TJMS: Why Pilot One-to-One?

By: Jennifer Hurley Last Updated: May 9, 2016

valpo-community-schoolsAs the weather warms and the sun shines more, sidewalks surrounding Thomas Jefferson Middle School begin to bustle with active children and families. Recently, stopped in my car at the Roosevelt and Glendale intersection, I watched a young boy ride a bicycle, his mother walking behind. He pedaled faster and lengthened the distance between them. The mild breeze carried her voice in through my open windows.

“Wait for me,” she called.

A bit farther down the block, she reminded, “Don’t go too far ahead.”

She guided her child while maintaining her gait, a fast-paced walk, keeping the boy within earshot – enough of a tether.

The TJMS 1:1 Pilot creates a similar connection between teachers and students, offering independence to explore and learn in a more independent, individualized way. Students take off the training wheels and ride forward on their own. (But not too far, of course!) Everything that TJMS students and staff learn during the trial period will create space for more appealing learning opportunities.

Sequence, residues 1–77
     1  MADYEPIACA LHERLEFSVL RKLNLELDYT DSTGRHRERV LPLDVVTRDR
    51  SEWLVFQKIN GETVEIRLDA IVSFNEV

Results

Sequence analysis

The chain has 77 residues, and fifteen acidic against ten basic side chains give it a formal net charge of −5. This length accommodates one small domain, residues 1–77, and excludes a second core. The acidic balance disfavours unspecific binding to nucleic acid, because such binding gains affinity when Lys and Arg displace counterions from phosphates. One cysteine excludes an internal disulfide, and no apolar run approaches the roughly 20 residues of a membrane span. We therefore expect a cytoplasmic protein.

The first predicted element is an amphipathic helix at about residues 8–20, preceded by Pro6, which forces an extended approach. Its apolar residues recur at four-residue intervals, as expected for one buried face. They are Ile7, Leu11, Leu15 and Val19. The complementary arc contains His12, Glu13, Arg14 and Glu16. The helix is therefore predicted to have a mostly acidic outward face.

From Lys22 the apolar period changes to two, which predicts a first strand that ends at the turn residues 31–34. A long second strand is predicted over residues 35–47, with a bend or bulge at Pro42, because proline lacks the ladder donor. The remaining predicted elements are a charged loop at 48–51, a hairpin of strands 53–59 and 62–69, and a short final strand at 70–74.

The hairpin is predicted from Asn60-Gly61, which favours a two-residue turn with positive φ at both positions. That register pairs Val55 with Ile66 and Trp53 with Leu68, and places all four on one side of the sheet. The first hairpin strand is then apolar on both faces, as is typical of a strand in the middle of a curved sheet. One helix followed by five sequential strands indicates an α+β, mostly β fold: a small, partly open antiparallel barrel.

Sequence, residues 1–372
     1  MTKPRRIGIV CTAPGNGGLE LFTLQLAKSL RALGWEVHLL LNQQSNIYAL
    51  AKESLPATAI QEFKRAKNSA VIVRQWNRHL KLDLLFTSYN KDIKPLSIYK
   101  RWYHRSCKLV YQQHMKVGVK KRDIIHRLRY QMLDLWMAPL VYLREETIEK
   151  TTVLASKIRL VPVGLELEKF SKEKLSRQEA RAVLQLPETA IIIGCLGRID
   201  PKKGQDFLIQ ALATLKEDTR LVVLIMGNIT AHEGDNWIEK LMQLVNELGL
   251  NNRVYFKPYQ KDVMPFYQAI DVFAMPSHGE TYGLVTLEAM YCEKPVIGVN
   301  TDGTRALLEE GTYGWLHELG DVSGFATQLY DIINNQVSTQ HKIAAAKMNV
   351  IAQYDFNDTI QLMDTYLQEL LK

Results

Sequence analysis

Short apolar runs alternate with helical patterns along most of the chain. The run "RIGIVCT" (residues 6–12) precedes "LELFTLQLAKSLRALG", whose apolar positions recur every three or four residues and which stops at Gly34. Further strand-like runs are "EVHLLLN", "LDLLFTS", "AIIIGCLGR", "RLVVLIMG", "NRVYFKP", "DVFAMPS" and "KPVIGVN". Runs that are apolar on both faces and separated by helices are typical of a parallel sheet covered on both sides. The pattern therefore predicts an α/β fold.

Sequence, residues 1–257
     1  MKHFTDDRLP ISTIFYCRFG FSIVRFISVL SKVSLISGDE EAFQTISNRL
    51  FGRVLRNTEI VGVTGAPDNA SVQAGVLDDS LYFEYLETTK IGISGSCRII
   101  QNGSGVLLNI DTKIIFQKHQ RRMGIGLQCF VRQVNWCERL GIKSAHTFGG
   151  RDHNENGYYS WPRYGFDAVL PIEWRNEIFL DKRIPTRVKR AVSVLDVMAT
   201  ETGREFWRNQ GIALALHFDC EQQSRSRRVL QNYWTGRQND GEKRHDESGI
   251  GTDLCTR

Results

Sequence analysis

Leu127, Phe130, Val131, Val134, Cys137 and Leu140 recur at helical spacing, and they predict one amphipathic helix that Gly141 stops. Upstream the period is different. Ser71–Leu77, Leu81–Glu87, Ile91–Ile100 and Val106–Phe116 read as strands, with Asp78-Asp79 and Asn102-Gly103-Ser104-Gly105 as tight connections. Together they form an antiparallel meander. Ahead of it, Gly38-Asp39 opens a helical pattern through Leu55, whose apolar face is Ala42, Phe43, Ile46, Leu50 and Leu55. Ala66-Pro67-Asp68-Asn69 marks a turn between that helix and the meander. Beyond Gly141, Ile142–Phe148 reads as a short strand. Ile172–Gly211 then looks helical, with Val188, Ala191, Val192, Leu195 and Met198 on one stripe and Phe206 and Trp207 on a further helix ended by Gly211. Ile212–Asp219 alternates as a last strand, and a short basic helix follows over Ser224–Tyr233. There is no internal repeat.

Hopefully my analogy conveys the philosophy behind our endeavor – but some of you simply want the stats.

What does our 1:1 initiative look like? Each of our 592 students carry a dedicated device throughout the school day to use during academic periods. Our sixth and seventh grade students use Chromebooks; our eighth grade students utilize laptops. Students have an assigned charging cart, where they pick-up the device in the morning and return it in the afternoon. The student assumes the responsibility of storing the device in the cart and ensuring the device is plugged in and charging. In addition, if a student needs to report damage or submit a repair request, our process helps the student maintain ownership of the particular device.

How does 1:1 impact student learning? First, remember the library you used to visit in high school or college and the books you used to read through? Well, now that library travels with a student in his or her backpack. Pretty cool.

Further, teachers can now tap this virtual library at any time, as well, and engage students using the functionality of digital documents and materials: the ability to share and collaborate, access graphics and animations, highlight and annotate texts, all in real-time. Yes, you can do a lot of these same activities on paper, but the technology facilitates a seamless learning experience. Incorporating feedback and interactions into a dynamic document helps the students become true stakeholders, stakeholders ready to claim their education.

Next year, a device will travel home with each student, and students will need guidance to ensure they take advantage of the many compelling learning opportunities. Both parents and teachers can walk behind children riding their bikes, issuing redirection and encouragement when needed.